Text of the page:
The Iron Duke in Bradford-on-Avon, England

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Around 100 miles west of London in the west Wiltshire town of Bradford-on-Avon, a restored large rubber calender machine stands as a memorial to the town’s 150th year of association with the rubber industry. Located on Kingston Road, it is one of the largest and heaviest objects in the village’s museum collection.

A calender is a machine used: to roll various materials to a specific thickness, produce a certain finish, or bind different elements together. It is used in many industries, for instance, paper milling and plastic sheet making. However, the origin of the name is eccentric, as some speculate the name derives from “cylinder,” which was used to describe the machine’s rollers.

The Iron Duke was the first of its kind and laid the foundations for the pioneering industry. William Frost of the Vulcan Ironworks built the machine in New York during the 1830s. Despite Frost being the first to assimilate the machine, Edwin Chaffee originally designed it.

All components of the machine originated in England. Thomas Perry & Sons Highfield Foundry in Staffordshire cast the rollers, which weighed around three tons. Coalbrookdale Company in Shropshire forged the large frames. Many parts of the machine, including their replacements, were made by Bradford millwrights and iron founders.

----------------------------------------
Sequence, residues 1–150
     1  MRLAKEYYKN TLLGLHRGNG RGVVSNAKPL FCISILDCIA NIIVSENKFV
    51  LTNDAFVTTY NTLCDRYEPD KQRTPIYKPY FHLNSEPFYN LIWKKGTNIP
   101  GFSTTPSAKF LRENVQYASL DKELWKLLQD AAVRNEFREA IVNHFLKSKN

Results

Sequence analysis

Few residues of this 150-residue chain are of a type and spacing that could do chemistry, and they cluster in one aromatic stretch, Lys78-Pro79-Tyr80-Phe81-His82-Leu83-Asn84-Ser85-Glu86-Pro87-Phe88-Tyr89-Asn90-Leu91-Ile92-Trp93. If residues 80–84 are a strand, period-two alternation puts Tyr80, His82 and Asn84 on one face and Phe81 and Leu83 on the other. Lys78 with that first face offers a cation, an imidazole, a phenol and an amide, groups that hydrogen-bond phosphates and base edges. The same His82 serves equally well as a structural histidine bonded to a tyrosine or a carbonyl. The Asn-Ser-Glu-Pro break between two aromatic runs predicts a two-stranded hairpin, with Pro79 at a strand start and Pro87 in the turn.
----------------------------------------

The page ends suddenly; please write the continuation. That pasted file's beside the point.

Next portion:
The village’s museum, preservation trust, and community managed the restoration of the calendar. Grants from the Heritage Lottery Fund, Arts Council England, and Bradford-on-Avon Town Council, as well as many more, were put towards the project.

The Iron Duke sits on the corner of Kingston Road and Mill Lane and has plaques to explain its history and significance. It’s a beautiful machine that displays the manufacturing and the global supply chain involved in creating rubber for everyday use.

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